Another Payout Coming for Victim of San Diego Police Officer Sexual Misconduct

San Diego is scheduled to approve on Tuesday another in a long series of payouts to victims of former police officer Christopher Hays, whose alleged sexual misconduct and inappropriate touching have cost taxpayers more than $2 million.

The latest settlement of $250,000 will go to Melanie Wilson, whom Hays allegedly groped sexually for more than three minutes after picking her up in December 2013 and giving her a ride home.

In August 2015, the city paid $550,000 to another victim who suffered a 20-minute “pat down” from Hays, and $400,000 to a separate victim who was forced to watch Hays masturbate while trapped in a bedroom.

And in April 2015, the city paid $1.3 million total to two other alleged victims of Hays.

A spokesman for City Attorney Mara Elliott said this was the final Hays case the city would be dealing with because the statute of limitations prevents additional claims and lawsuits.

His series of misconduct incidents ran from summer 2012 until late 2013.

Hays, 33, agreed to resign from the force in February 2014 after he was criminally charged for his misconduct.

That September, he pleaded guilty to false imprisonment and assault under color of authority. He was sentenced to one year in county jail and three years of probation, but was released after five months.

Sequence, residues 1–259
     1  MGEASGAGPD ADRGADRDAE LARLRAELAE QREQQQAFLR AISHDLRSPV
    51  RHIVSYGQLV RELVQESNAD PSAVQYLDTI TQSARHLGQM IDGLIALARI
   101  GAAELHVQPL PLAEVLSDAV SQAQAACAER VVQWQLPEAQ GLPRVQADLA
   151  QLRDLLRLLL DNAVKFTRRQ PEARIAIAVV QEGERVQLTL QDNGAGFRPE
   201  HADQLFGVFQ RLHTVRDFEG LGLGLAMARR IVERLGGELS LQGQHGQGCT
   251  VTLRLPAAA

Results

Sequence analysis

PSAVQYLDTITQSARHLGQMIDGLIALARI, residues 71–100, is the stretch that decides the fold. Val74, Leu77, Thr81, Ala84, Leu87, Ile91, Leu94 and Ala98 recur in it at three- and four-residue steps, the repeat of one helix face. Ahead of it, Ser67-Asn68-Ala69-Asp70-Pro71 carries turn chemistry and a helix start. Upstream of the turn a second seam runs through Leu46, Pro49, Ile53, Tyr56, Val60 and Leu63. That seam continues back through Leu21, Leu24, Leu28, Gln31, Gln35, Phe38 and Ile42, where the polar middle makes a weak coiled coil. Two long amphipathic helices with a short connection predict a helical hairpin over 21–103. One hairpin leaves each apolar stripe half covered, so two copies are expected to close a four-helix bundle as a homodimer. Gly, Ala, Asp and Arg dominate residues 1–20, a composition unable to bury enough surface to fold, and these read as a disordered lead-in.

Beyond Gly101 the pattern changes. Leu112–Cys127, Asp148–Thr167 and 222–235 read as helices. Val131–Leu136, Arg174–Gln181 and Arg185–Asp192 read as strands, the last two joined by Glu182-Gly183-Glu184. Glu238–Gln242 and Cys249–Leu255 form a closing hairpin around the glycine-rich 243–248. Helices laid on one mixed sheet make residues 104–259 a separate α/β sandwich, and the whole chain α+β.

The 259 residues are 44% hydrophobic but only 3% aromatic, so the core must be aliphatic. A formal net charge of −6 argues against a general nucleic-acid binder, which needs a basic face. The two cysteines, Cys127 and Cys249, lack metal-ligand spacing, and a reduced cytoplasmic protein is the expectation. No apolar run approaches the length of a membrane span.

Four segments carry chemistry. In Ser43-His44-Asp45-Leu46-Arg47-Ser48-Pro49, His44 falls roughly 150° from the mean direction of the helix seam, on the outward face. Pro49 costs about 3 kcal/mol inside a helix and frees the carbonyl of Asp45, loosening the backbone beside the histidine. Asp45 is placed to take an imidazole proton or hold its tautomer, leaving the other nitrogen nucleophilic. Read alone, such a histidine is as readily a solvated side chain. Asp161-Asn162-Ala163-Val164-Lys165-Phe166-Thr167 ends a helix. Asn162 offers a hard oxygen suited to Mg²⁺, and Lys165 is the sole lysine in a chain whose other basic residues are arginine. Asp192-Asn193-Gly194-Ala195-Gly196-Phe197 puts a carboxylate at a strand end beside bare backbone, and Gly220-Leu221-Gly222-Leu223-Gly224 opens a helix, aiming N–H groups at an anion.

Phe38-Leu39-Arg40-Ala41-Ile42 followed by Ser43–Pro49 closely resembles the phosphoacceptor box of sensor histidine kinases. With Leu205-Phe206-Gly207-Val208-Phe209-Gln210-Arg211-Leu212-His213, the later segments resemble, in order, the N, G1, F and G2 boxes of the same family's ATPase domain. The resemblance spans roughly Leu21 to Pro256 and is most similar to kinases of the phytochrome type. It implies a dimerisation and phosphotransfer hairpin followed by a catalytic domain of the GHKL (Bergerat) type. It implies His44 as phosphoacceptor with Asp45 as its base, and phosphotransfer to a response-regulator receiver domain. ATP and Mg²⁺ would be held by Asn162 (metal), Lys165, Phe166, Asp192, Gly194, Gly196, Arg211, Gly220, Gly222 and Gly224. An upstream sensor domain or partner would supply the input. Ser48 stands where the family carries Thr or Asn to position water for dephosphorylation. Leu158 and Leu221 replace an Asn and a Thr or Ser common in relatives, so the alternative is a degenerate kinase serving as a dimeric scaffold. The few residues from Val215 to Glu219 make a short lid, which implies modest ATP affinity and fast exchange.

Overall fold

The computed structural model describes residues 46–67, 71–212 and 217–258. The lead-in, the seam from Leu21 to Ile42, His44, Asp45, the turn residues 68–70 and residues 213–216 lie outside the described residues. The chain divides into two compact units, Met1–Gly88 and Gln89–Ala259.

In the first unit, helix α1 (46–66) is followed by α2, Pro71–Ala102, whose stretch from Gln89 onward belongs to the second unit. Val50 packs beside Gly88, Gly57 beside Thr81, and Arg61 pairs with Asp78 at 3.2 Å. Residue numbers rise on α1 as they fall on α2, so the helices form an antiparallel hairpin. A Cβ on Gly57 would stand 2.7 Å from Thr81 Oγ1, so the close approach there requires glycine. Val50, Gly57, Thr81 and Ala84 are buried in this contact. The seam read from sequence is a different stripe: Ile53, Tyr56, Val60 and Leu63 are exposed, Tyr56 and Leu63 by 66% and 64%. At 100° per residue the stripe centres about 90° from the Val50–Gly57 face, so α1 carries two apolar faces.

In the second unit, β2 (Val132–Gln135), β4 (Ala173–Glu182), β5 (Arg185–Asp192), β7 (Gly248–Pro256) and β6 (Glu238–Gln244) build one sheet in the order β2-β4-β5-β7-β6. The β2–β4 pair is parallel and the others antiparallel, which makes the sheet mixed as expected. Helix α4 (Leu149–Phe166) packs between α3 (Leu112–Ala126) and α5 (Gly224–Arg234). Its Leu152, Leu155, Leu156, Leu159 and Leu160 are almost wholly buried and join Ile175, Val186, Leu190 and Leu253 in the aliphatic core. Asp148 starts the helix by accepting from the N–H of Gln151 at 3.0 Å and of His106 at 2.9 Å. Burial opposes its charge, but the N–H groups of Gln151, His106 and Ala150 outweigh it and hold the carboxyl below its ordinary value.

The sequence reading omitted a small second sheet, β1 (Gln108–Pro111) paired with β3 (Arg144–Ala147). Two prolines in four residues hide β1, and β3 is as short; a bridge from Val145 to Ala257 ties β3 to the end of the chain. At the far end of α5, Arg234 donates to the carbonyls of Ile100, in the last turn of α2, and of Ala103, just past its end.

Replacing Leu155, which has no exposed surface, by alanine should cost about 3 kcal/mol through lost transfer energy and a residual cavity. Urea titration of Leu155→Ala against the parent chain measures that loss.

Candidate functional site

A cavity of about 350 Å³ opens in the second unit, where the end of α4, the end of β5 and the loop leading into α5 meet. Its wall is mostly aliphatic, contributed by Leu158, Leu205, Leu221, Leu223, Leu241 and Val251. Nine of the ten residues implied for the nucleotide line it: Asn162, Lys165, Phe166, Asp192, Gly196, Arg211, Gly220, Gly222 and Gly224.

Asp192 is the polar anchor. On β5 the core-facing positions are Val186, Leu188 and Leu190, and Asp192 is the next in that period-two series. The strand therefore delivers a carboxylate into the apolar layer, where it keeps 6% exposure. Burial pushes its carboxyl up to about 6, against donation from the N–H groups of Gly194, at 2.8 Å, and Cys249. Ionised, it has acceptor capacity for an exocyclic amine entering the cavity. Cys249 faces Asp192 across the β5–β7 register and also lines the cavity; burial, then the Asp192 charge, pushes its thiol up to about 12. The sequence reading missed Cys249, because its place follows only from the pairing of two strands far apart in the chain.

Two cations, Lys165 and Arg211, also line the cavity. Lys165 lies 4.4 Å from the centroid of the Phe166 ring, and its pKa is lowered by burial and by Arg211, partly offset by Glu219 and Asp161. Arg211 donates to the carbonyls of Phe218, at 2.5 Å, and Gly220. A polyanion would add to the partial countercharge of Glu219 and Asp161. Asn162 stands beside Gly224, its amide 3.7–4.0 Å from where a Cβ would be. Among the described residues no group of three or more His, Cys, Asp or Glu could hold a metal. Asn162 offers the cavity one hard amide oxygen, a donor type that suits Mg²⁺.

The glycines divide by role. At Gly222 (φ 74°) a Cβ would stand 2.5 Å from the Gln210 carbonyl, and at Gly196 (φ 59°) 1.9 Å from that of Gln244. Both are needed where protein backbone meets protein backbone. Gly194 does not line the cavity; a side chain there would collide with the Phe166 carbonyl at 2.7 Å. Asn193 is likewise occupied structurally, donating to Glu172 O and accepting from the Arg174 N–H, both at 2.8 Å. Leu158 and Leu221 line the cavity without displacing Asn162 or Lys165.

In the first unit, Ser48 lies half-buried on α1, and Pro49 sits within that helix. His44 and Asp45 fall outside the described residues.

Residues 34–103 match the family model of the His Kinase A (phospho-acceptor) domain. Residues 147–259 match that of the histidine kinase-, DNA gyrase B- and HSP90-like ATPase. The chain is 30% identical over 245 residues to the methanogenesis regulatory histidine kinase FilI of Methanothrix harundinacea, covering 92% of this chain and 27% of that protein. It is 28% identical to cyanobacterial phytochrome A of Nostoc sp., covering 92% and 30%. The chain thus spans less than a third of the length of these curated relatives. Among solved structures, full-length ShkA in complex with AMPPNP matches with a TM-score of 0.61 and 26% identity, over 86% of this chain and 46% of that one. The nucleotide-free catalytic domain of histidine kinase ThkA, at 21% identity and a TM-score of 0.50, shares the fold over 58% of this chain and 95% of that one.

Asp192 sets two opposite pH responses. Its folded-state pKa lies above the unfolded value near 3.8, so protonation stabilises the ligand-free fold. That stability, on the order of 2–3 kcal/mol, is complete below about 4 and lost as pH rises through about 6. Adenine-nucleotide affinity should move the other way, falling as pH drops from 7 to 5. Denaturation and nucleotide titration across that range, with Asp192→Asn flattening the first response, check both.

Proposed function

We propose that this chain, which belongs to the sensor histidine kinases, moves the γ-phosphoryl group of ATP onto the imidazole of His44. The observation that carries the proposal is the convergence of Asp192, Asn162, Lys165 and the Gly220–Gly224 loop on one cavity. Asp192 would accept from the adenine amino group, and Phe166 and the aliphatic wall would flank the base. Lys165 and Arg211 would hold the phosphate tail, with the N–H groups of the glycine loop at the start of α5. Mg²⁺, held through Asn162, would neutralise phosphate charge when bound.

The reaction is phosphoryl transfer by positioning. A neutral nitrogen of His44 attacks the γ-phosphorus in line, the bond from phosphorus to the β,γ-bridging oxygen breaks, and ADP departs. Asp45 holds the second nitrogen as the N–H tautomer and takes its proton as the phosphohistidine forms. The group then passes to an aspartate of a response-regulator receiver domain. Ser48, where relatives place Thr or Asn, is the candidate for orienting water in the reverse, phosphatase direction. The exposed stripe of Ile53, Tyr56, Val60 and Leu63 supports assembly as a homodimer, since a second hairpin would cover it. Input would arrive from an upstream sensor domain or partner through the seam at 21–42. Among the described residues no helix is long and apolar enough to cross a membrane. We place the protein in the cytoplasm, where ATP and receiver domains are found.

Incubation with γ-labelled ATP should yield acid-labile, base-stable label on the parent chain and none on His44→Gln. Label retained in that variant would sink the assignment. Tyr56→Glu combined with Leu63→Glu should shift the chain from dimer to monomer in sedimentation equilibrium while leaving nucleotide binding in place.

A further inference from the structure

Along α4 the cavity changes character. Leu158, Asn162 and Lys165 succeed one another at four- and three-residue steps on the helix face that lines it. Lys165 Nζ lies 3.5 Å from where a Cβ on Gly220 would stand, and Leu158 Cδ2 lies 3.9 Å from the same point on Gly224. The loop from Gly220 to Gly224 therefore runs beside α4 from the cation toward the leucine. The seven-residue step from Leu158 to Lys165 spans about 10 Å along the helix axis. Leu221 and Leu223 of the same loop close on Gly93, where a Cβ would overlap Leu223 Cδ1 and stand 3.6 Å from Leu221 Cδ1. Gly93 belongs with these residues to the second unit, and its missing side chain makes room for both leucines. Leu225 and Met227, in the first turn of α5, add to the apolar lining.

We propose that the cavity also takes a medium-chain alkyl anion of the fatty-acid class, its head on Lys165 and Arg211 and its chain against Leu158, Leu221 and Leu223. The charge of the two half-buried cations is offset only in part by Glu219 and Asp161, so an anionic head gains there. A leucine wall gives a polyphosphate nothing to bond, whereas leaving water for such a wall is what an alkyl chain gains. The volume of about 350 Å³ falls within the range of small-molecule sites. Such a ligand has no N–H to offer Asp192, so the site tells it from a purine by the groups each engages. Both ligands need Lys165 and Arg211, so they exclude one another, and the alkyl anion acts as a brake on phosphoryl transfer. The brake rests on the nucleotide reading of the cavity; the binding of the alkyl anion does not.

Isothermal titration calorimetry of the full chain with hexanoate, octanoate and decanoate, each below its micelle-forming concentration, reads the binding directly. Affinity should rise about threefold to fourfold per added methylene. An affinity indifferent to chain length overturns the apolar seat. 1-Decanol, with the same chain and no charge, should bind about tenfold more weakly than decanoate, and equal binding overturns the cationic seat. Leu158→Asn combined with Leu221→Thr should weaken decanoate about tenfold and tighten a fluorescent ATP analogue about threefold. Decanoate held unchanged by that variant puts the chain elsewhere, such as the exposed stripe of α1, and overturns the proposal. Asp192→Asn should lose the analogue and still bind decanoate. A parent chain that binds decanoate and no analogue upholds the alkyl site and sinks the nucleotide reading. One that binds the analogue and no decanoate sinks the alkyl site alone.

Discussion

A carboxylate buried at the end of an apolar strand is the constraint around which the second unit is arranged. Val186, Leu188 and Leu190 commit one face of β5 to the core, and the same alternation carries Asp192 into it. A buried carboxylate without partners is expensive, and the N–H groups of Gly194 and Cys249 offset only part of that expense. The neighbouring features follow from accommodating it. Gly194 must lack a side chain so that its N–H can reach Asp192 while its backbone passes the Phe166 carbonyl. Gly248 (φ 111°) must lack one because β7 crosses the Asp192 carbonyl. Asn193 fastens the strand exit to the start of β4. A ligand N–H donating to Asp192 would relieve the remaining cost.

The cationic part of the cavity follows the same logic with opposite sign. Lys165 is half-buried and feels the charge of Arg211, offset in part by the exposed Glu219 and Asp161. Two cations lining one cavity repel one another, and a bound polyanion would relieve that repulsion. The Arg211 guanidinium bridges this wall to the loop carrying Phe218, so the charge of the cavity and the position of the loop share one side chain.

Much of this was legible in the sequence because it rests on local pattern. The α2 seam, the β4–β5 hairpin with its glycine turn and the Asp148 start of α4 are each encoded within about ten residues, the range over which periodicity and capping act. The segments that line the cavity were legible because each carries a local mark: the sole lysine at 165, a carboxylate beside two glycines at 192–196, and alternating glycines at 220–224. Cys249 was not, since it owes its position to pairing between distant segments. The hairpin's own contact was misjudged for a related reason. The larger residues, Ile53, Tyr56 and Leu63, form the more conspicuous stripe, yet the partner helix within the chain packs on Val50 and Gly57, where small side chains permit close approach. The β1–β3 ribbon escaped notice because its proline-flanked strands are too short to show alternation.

If Hays had been convicted at trial instead of pleading guilty, he would have been ordered to register as a sex offender for life.

The case prompted the department to establish a new policy requiring two officers to accompany any female in custody.

Just before the Hays case, San Diego paid out $5.9 million to a woman who was allegedly groped by police officer Anthony Arevalos in 2011. That followed $2.3 million in payouts to 12 additional Arevalos accusers.

Arevalos was found guilty of 12 charges including sexual battery and asking for a bribe. He is serving a sentence of more than eight years in prison.

Hays had said he planned to move back to his home state of Arkansas quickly after being released from custody.

Tuesday’s payout was agreed to during a March mediation session and approved by the City Council in a session closed to the public in June, but the amount wasn’t disclosed.

The $250,000 will cover damages, interest, costs and attorney’s fees in the Wilson case. The money will come from the city’s public liability fund, an account the city maintains to handle payouts and other legal costs.